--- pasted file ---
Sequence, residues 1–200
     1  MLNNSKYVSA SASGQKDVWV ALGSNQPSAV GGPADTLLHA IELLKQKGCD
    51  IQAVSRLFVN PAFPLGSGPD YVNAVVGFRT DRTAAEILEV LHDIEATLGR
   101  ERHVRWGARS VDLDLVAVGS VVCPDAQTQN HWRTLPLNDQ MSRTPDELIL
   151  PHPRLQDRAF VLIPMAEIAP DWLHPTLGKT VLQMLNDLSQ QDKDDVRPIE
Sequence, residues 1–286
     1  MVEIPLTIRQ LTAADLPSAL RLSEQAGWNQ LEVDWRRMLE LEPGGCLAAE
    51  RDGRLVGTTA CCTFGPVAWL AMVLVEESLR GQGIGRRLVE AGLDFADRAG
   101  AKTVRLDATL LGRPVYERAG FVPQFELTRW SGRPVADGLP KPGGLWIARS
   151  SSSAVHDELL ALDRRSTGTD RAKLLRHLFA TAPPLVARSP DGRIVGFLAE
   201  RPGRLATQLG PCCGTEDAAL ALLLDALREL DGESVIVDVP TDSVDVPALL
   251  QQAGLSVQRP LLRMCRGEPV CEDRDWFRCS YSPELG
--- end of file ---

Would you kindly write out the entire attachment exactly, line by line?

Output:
Sequence, residues 1–200
     1  MLNNSKYVSA SASGQKDVWV ALGSNQPSAV GGPADTLLHA IELLKQKGCD
    51  IQAVSRLFVN PAFPLGSGPD YVNAVVGFRT DRTAAEILEV LHDIEATLGR
   101  ERHVRWGARS VDLDLVAVGS VVCPDAQTQN HWRTLPLNDQ MSRTPDELIL
   151  PHPRLQDRAF VLIPMAEIAP DWLHPTLGKT VLQMLNDLSQ QDKDDVRPIE
Sequence, residues 1–286
     1  MVEIPLTIRQ LTAADLPSAL RLSEQAGWNQ LEVDWRRMLE LEPGGCLAAE
    51  RDGRLVGTTA CCTFGPVAWL AMVLVEESLR GQGIGRRLVE AGLDFADRAG
   101  AKTVRLDATL LGRPVYERAG FVPQFELTRW SGRPVADGLP KPGGLWIARS
   151  SSSAVHDELL ALDRRSTGTD RAKLLRHLFA TAPPLVARSP DGRIVGFLAE
   201  RPGRLATQLG PCCGTEDAAL ALLLDALREL DGESVIVDVP TDSVDVPALL
   251  QQAGLSVQRP LLRMCRGEPV CEDRDWFRCS YSPELG